One in 10 horses in the United States with acute upper respiratory tract infections tested positive for equine influenza in a study, researchers report.
The research was based on the testing of nasal-secretion samples taken by veterinarians across 239 practices during a 45-month period from 2010 to 2013. The vets, located across 38 states, submitted samples from 2605 equids in all.
A diagnosis of equine influenza was made based on the presence of clinical signs – fever, lethargy, nasal discharge and coughing – and a positive laboratory result for the virus using a quantitative polymerase chain reaction test.
A total of 230 equids – that’s 9.7 percent – tested positive for the virus.
A higher-than-expected proportion of positive test results occurred among horses in the 1–5, 6–10, and 11–15 age groups when compared to those aged under a year.
Fever, nasal discharge and coughing were the most common symptoms associated with positive horses.
Of the 230 positive cases, 107 were quarter horses, 20 were thoroughbreds, 19 were warmbloods, 16 were American paint horses, 15 were ponies, 12 were Arabians, 4 were standardbreds, 4 were draft horses, 20 were other assorted breeds, and for 13 the breed was not reported. There were 89 mares or fillies, 20 stallions or colts, 105 geldings, and 16 animals with no sex noted.
The researchers, whose findings have been published in the Journal of Veterinary Internal Medicine, compared their results with previous flu data obtained between March 2008 and February 2010.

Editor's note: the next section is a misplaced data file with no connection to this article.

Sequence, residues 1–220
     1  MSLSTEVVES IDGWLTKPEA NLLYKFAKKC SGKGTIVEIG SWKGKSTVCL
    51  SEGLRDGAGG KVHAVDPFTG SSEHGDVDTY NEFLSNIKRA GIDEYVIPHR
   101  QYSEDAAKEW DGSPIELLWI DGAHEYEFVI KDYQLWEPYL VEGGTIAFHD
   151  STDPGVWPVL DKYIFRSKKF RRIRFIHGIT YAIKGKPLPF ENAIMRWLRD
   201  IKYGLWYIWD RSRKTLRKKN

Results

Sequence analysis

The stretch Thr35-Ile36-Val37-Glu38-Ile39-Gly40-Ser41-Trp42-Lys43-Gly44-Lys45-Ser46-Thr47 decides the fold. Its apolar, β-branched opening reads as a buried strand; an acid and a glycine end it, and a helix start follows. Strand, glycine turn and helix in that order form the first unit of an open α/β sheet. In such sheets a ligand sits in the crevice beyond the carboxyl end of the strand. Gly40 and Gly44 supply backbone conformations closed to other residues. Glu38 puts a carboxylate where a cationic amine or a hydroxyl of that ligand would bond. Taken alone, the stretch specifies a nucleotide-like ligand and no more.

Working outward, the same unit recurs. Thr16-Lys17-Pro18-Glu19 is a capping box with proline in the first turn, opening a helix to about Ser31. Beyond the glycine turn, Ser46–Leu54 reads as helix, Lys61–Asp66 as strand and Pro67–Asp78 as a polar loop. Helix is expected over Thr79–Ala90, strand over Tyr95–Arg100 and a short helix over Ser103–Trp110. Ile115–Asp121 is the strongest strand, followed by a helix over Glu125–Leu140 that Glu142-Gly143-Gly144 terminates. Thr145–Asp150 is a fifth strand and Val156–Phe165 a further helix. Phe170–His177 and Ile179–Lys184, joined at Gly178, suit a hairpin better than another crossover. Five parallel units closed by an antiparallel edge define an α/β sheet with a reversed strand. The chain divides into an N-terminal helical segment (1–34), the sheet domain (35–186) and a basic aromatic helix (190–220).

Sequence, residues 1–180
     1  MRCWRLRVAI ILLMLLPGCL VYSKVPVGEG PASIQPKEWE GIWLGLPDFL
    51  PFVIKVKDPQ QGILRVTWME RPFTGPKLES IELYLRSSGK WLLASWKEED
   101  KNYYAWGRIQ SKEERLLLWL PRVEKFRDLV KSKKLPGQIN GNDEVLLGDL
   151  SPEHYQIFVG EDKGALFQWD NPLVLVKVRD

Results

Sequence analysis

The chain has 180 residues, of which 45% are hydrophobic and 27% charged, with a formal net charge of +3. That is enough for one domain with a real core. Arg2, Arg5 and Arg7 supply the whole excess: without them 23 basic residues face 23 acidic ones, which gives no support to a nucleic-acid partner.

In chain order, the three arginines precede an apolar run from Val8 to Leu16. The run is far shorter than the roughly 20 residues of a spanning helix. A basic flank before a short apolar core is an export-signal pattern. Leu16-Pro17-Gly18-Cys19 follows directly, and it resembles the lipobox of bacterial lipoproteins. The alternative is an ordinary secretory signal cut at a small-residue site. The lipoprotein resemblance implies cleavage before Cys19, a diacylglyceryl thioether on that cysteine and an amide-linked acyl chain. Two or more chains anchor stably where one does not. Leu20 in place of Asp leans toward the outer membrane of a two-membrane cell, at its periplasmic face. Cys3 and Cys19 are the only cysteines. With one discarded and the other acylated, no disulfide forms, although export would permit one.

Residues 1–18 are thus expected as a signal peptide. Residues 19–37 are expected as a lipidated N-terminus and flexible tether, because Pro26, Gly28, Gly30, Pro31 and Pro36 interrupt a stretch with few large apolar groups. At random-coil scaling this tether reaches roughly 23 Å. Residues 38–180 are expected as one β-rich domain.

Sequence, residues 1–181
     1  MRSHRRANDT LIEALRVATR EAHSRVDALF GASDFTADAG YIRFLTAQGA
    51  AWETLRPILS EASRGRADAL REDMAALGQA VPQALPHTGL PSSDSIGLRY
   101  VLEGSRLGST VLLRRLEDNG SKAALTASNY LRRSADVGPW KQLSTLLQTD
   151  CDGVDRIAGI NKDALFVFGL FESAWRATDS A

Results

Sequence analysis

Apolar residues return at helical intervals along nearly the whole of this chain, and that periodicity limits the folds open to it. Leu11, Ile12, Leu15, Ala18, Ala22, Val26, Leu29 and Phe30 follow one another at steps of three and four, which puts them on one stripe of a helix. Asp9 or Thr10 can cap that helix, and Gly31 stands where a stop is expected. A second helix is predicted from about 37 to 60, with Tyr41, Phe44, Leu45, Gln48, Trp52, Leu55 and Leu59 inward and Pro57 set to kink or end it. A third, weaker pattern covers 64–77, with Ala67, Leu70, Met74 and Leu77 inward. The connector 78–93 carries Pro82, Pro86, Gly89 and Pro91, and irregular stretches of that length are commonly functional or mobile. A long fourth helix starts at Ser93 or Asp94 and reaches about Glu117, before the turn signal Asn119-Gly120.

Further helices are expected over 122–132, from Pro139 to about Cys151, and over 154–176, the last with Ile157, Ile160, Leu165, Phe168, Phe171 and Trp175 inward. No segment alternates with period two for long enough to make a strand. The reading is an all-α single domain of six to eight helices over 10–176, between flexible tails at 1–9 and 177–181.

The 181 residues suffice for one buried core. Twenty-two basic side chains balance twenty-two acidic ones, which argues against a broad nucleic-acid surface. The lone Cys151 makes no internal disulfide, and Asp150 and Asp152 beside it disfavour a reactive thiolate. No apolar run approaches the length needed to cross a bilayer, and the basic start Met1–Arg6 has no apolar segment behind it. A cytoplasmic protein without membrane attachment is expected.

Horses that tested positive in the latest research were significantly older and more of them were found to be vaccinated against equine flu when compared to positive animals from the 2008-2010 study period.
The researchers, from the University of California and Merck Animal Health, said the results underscored that older and previously vaccinated horses were susceptible to equine flu.
Epidemiologist Dr Nicola Pusterla and his colleagues said their findings were in agreement with the World Organisation for Animal Health’s expert surveillance panel on equine flu, with questions around the effectiveness of the flu vaccines available in the United States.
“The suboptimal protection of vaccines commercially available in the United States also is supported by the observation that significantly more horses in the … positive group had been vaccinated in the time period [of] less than 6 months when compared to the time period 6–12 months and more than 12 months.
“Information pertaining to vaccine brand and manufacturer was unavailable for the study horses, and thus no conclusions can be drawn regarding the efficacy of specific vaccines.”
They said commercial killed and inactivated equine flu vaccines should contain epidemiologically relevant viruses and should be updated in a timely manner to confer optimal protection.
Equine flu virus is considered one of the leading causes of infectious respiratory diseases in equids worldwide and has severe financial implications for the horse industry.
“The global transportation of horses has been responsible for numerous outbreaks of equine flu by introduction of the virus into previously unexposed horse populations,” they wrote.
“Adherence to strict quarantine and vaccination protocols and vigilant monitoring are required to avoid the introduction and spread of equine influenza virus among all horse populations.”
Pusterla, N., Kass, P.H., Mapes, S., Wademan, C., Akana, N., Barnett, C., MacKenzie, C. and Vaala, W. (2015), Voluntary Surveillance Program for Equine Influenza Virus in the United States from 2010 to 2013. Journal of Veterinary Internal Medicine, 29: 417–422. doi: 10.1111/jvim.12519
The full study can be read here.